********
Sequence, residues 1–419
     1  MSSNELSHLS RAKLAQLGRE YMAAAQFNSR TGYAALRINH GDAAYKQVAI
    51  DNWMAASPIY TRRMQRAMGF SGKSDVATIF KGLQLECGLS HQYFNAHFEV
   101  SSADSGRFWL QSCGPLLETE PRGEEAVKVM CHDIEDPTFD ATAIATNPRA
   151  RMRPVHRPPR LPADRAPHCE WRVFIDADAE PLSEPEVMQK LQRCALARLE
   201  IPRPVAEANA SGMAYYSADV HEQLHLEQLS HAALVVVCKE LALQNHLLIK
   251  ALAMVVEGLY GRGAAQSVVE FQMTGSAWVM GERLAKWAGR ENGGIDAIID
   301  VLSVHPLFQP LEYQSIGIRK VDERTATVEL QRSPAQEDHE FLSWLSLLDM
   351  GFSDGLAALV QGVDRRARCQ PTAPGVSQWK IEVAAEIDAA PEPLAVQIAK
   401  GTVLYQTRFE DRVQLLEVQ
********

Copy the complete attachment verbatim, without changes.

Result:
Sequence, residues 1–419
     1  MSSNELSHLS RAKLAQLGRE YMAAAQFNSR TGYAALRINH GDAAYKQVAI
    51  DNWMAASPIY TRRMQRAMGF SGKSDVATIF KGLQLECGLS HQYFNAHFEV
   101  SSADSGRFWL QSCGPLLETE PRGEEAVKVM CHDIEDPTFD ATAIATNPRA
   151  RMRPVHRPPR LPADRAPHCE WRVFIDADAE PLSEPEVMQK LQRCALARLE
   201  IPRPVAEANA SGMAYYSADV HEQLHLEQLS HAALVVVCKE LALQNHLLIK
   251  ALAMVVEGLY GRGAAQSVVE FQMTGSAWVM GERLAKWAGR ENGGIDAIID
   301  VLSVHPLFQP LEYQSIGIRK VDERTATVEL QRSPAQEDHE FLSWLSLLDM
   351  GFSDGLAALV QGVDRRARCQ PTAPGVSQWK IEVAAEIDAA PEPLAVQIAK
   401  GTVLYQTRFE DRVQLLEVQ